Jeff Kent’s career might be over

This isn’t necessarily a career-ending injury, but given that he probably was going to retire anyway, given that he has been playing with this degenerative tear in the cartilage of his left knee for about a month knowing all the while it could tear more severely at any time (and probably would, eventually, and that appears to be exactly what happened), and given that this is a wear-and-tear injury that is fairly normal for a 40-year-old guy trying to play baseball on an everyday basis for six months, it seems unlikely that he’ll return.
“Knowing him, I can’t say that for sure,” Dodgers manager Joe Torre said.
Indeed, Kent is known for his durability, his scrappiness and his willingness to play hurt. But he was said to be in excruciating pain when he came out of the game last night. He is back in Los Angeles now awaiting an MRI that will hopefully be done either tonight or tomorrow — club officials are trying to find a hospital where it can be done on a holiday weekend. It wouldn’t be a huge surprise if Kent tries to play again. But from what I am told, if he does, the same thing is very likely to happen again, only more severely.
There also is a chance the MRI will show nothing other than, again, wear and tear, and Kent can be back out there in a few days. But the fact the pain was severe enough to get him to take a seat has to mean something. Kent generally doesn’t take a seat for anything other than the manager giving him a day off.
Unfortunately, it probably means the end of a Hall of Fame career. Torre said Blake DeWitt will get the first crack at the everyday 2B job for the rest of the season. It also is very possible Kent could be placed on the 60-day DL next week to clear a 40-man roster spot for the September roster expansion, because the Dodgers appear to need spots.
Just to clarify, Kent has never said this will be his last season. But it was generally assumed by just about everybody, including Torre.
“I think he was just trying to help us win a pennant,” Torre said. “All the hinting seemed to say that this probably was going to be it for him. I really respect what he has done here, and I have been very comfortable with our relationship. He is a pro. I guess that is the only way you can categorize it.”

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  • max_power

    Jeff had a great career but he was a big problem in LA. I have to disagree with Joe about him being a “Pro” though. Andre Ethier is more of a “Pro” then Jeff. We were in a division race and all Kent could care about was himself and what Vinny had to say about him. Give me a break…I won’t miss his attitude or his bat in the lineup. If Kent isn’t in the clubhouse anymore I think that will have a great affect on this team. Sorry Jeff, you had a great career but you’re an asshole and no one is going to miss you. Go home today and spend time with your family and start getting your Hall Of Fame speech ready. Just leave this team alone.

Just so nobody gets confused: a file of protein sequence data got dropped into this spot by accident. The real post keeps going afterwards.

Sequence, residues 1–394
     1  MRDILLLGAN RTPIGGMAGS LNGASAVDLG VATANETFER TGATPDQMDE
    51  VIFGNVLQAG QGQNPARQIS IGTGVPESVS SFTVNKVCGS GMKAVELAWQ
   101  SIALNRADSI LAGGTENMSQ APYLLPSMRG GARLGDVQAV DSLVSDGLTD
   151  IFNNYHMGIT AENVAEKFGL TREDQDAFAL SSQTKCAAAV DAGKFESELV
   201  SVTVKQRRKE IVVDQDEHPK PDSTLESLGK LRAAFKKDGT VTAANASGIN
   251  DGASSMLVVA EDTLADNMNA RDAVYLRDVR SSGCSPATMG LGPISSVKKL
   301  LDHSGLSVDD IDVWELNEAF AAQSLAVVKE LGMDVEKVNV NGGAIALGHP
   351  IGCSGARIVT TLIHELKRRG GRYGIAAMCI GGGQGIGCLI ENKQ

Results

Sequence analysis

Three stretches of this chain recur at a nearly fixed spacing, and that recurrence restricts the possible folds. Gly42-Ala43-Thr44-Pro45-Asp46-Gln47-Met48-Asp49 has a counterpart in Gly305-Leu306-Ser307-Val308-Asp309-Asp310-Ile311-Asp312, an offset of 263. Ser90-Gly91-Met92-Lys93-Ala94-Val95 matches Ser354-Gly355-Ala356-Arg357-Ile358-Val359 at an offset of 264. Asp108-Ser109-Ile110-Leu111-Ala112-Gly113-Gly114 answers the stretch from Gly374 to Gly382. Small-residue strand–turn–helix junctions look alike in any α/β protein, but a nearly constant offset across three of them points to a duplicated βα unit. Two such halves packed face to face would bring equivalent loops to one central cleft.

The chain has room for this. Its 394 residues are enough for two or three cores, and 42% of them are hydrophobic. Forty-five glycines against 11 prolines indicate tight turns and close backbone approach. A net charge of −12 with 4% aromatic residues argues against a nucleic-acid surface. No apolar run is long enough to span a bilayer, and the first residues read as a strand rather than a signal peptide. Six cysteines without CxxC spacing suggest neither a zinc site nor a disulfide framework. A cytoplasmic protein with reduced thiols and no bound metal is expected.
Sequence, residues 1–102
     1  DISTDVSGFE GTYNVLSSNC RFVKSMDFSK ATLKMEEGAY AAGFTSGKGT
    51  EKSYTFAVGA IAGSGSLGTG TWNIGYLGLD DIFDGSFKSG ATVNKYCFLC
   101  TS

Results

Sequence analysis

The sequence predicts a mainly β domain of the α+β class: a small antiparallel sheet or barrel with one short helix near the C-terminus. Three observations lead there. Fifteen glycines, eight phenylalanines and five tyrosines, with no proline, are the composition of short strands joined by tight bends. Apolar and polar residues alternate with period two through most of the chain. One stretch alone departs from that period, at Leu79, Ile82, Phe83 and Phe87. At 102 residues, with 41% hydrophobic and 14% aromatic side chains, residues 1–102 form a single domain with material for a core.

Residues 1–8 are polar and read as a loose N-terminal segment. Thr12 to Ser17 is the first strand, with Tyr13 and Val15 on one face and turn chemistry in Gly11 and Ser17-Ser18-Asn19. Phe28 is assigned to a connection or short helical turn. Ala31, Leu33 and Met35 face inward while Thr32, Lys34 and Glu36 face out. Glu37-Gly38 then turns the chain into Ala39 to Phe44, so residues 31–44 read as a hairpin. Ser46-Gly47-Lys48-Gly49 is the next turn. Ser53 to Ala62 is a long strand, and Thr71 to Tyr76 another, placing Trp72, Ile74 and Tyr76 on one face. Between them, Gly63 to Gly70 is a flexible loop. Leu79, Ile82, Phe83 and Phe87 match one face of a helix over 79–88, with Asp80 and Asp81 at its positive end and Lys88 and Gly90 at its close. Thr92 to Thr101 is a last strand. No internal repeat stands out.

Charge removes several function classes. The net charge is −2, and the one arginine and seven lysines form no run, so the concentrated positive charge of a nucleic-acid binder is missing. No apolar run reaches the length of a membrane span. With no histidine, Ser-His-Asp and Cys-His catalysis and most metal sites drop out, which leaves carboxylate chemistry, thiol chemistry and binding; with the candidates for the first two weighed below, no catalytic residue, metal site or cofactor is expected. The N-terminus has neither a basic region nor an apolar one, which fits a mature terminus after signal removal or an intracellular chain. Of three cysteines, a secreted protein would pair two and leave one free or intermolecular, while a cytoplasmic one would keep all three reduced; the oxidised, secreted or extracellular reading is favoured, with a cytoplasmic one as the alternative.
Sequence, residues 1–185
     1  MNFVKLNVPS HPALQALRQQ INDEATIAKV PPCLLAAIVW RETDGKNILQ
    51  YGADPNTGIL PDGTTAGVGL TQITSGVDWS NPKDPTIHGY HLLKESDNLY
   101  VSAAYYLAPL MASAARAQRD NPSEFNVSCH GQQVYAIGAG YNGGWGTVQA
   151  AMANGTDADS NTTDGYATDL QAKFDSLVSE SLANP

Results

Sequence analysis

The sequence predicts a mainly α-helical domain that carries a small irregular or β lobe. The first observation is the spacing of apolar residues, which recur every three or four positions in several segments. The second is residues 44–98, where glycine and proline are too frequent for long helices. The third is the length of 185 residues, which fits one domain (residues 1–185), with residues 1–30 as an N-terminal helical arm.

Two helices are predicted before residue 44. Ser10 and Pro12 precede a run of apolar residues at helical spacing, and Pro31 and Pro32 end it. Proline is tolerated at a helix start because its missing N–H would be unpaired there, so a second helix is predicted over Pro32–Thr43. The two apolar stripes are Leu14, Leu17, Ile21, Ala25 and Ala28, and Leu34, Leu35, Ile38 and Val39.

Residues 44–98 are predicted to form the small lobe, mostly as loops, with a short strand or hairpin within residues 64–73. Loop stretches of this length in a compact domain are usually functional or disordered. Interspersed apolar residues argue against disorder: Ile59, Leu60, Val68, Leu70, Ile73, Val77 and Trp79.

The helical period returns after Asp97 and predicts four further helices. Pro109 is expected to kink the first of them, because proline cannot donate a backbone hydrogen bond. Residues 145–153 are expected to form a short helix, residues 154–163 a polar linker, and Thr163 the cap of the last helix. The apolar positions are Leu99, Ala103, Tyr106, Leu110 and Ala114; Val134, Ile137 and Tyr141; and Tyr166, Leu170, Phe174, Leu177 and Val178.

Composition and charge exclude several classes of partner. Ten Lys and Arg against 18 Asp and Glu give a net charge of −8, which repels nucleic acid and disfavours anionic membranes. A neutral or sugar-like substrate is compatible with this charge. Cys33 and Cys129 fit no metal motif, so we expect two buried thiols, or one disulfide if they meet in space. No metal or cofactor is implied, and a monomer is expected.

• JLS23

    Kent isn’t scrappy… he’s just stubborn. Adios ancient one.

  • Luke McCain

    I don’t understand all of the venom directed against Kent. He has been the best hitter on this team during his time here. He fields the balls hit near him and turns the double play as well as anyone. He is a true professional and the young guys would do well to emulate him. I hope DeWitt can learn the position and put up the kind of numbers that we have had from Kent.

  • Brooklyn Dodger


    You’re absolutely correct that “He fields the balls hit near him….” Problem is, if the ball isn’t hit very close to him, Kent doesn’t have the RANGE to get to it. Fielding is a lot more than just being able to field the balls hit in your immediate vicinity. How many ground balls do you imagine find their way through the infield for hits, that would otherwise be gobbled up by other second basemen? In fact, with Nomar at third and Blake at third, the Dodgers have a mostly rangeless infield. And trust me, that makes a huge difference, which includes added stress on the pitching staff.

  • max_power

    Jeff Kent would be the last person I’d want these kids to emulate.

  • JxR1255

    Jeff Kent was a great player, and still is, when he’s healthy. But I rather he get better and maybe come back as a pinch hitter, than hurt himself more. DeWitt can handle second base. I hope.

    I’m most likely in the minority here but, I’m glad Kent was with the Dodgers, otherwise I probably would have never known of him.